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Remarks by Secretary Gates at a Meeting of the Economic Club of Chicago

Presenter: Secretary of Defense Robert Gates
July 16, 2009

                SEC. GATES:  (Applause.)  Thank you, Secretary Daley, for that kind introduction.  You've certainly done your homework.  (Laughter.) 

 

                It's an honor to be at the Economic Club of Chicago, and I certainly appreciate the special arrangements you have made to allow me to be here this afternoon.  And I want to thank all the distinguished citizens of this great city who are here today.   

 

                I'm also mindful that I'm speaking in the hometown of my boss. (Laughter.)  And President Obama sends his greetings, as do Rahm Emanuel and David Axelrod and the rest of the Chicago crew. (Laughter.)  They are no doubt discovering that Washington is the true windy city -- (laughter, applause) -- a place where those who travel the high road of humility encounter little heavy traffic -- (laughter) -- the only place in the world you can see a prominent person walking down Lovers' Lane holding his own hand.  (Laughter.) 

 

                The issue that brings me here today is central to the security of all Americans:  the future of the United States military, how it should be organized, equipped and funded in the years ahead to win the wars we are in while being prepared for threats on or beyond the horizon.   

 

                Earlier this year, I recommended to President Obama, and he enthusiastically agreed, that we needed to fundamentally reshape the priorities of America's defense establishment and reform the way the Pentagon does business -- in particular, the weapons we buy and how we buy them -- above all to prepare to wage future wars rather than continuing the habit of rearming for previous ones.  

 

                I'm here on relatively short notice to speak publicly about these matters because the Congress is, as we speak, debating the president's defense budget request for the next fiscal year, a budget request that implements many needed reforms and changes.  Debating the president's defense budget request for the next fiscal year, most of the proposals, especially those that increase support for the troops, their families and the war effort, have been widely embraced by both parties.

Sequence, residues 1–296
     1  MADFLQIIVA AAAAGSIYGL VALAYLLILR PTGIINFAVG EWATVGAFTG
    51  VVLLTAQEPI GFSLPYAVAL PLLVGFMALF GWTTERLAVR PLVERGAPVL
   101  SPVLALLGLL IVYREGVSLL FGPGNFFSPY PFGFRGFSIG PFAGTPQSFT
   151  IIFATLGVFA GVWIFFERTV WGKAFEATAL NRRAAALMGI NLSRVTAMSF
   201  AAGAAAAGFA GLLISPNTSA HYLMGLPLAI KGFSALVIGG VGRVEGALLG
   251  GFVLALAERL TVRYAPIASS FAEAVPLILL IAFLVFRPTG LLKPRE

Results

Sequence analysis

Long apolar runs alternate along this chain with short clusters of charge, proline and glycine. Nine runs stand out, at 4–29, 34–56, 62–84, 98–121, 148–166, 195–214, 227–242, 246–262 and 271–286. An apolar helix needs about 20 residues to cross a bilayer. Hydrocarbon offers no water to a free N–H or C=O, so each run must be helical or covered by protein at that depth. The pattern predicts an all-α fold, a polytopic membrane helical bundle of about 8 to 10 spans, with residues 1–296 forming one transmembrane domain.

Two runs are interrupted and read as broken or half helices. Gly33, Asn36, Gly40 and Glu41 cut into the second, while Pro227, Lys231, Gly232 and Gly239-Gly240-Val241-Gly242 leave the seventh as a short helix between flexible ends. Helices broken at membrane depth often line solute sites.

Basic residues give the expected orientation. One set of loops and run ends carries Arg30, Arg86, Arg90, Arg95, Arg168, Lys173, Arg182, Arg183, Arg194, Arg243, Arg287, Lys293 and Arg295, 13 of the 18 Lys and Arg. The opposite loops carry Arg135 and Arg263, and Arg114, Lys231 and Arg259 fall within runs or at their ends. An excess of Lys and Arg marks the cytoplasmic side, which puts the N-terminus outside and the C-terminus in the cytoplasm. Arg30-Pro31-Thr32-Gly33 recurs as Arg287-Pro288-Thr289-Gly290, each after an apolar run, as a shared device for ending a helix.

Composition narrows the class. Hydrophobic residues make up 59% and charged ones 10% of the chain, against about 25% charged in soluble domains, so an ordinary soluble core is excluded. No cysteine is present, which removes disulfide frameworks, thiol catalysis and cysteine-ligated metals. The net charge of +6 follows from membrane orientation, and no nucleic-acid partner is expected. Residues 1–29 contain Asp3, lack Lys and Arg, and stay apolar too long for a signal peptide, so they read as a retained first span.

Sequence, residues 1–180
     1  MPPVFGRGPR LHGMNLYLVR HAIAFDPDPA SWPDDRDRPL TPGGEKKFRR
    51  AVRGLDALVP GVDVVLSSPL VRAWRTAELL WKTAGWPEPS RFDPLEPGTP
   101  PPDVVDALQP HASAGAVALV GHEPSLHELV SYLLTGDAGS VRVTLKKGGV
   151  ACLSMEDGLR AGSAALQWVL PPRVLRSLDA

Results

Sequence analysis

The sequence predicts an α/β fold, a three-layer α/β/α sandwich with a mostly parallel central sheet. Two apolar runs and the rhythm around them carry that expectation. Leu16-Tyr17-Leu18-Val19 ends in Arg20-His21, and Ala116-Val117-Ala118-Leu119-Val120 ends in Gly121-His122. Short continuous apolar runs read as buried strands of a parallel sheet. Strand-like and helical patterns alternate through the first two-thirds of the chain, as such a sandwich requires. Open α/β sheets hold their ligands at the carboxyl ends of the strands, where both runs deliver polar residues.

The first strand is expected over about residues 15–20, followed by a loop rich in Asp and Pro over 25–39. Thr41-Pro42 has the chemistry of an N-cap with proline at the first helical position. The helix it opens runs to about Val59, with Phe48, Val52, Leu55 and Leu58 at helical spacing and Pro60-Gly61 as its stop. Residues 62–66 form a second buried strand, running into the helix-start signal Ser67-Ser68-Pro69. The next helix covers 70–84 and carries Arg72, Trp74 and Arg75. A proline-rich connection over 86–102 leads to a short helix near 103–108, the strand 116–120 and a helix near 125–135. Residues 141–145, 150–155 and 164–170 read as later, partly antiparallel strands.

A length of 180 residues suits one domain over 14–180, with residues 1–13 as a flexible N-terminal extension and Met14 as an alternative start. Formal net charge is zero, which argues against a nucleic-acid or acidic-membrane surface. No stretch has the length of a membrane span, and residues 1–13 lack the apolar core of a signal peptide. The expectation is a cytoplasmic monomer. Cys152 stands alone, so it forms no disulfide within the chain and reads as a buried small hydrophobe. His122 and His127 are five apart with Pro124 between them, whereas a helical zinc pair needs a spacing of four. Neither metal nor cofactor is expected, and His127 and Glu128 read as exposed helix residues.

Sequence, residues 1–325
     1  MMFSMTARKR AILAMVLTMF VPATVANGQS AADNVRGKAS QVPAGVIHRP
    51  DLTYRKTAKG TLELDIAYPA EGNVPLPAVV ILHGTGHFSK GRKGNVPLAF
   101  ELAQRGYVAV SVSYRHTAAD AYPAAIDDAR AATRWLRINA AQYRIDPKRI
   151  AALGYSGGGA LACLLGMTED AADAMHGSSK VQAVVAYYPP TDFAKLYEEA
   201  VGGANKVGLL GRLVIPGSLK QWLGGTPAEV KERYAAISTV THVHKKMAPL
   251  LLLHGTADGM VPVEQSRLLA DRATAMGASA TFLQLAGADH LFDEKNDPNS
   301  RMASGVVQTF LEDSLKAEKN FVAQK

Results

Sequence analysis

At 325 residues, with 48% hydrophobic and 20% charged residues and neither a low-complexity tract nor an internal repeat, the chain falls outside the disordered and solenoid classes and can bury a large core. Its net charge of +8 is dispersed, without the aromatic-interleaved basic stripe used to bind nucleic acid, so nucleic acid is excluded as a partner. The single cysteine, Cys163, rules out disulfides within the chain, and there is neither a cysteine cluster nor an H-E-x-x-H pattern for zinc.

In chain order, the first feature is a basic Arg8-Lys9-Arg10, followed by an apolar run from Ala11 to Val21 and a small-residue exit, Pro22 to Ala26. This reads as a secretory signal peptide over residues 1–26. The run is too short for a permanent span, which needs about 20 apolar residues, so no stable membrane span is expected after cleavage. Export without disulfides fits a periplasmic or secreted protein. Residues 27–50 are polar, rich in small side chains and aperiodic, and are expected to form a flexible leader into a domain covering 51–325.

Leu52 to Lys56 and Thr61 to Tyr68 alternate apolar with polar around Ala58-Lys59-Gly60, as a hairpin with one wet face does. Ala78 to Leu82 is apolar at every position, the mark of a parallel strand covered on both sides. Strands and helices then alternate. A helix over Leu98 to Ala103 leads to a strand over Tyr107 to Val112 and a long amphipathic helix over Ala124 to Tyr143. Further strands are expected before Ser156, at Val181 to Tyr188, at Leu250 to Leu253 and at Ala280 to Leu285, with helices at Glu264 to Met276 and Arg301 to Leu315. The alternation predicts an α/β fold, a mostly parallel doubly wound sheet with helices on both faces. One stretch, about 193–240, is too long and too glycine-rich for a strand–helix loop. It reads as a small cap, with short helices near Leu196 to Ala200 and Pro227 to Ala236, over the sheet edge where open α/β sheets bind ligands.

However, some of the crucial reforms that deal with major weapons programs have met with less-than-enthusiastic reaction in the Congress, among defense contractors and within some quarters of the Pentagon itself.   

 

                And so I thought it appropriate to address some of these controversial issues here, in a place that is, appropriately enough, not only the adopted home of our commander in chief, but also a symbol of America's industrial base and our economic power.  

 

                First some context on how we arrived at this point.  President Obama's budget proposal is, I believe, the nation's first truly 21st century defense budget.  It explicitly recognizes that over the last two decades the nature of conflict has fundamentally changed, and that much of America's defense establishment has yet to fully adapt to the security realities of the post-Cold world -- post-Cold War world and the complex and dangerous new century.  

 

                During the 1990s, the United States celebrated the demise of the Soviet Union, and the so-called end of history, by making deep cuts in the funding for and, above all, the size of the United States military, including a 40-percent reduction in the size of the United States Army.  This took place even as a post-Cold War world grew less stable, less predictable and more turbulent.   

 

                The U.S. military, with some advances in areas such as precision weaponry, essentially simply became a smaller version of the force that held off the Soviets in Germany for decades and expelled Iraq from Kuwait in 1991.  There was little appetite for, or interest in, preparing for what we call "irregular warfare" -- campaigns against insurgents, terrorists, militias and other non-state groups.  This was the bipartisan reality both in the Congress and in the White House. 

 

                Of course, after September 11th some things did change.  The base defense budget, not counting spending for the wars, increased by some 70 percent over the next eight years.  During this period there were important changes in the way U.S. forces were organized, based and deployed, and investments were made in new technologies such as unmanned aerial vehicles. However, when all was said and done, the way the Pentagon selected, evaluated, developed and paid for major new weapons systems and equipment did not fundamentally change, even after September 11th.  

 

                Indeed, the kinds of equipment, programs and capabilities needed to protect our troops and defeat the insurgencies in Iraq and Afghanistan were not the highest priority of much of the Defense Department, even after several years of war.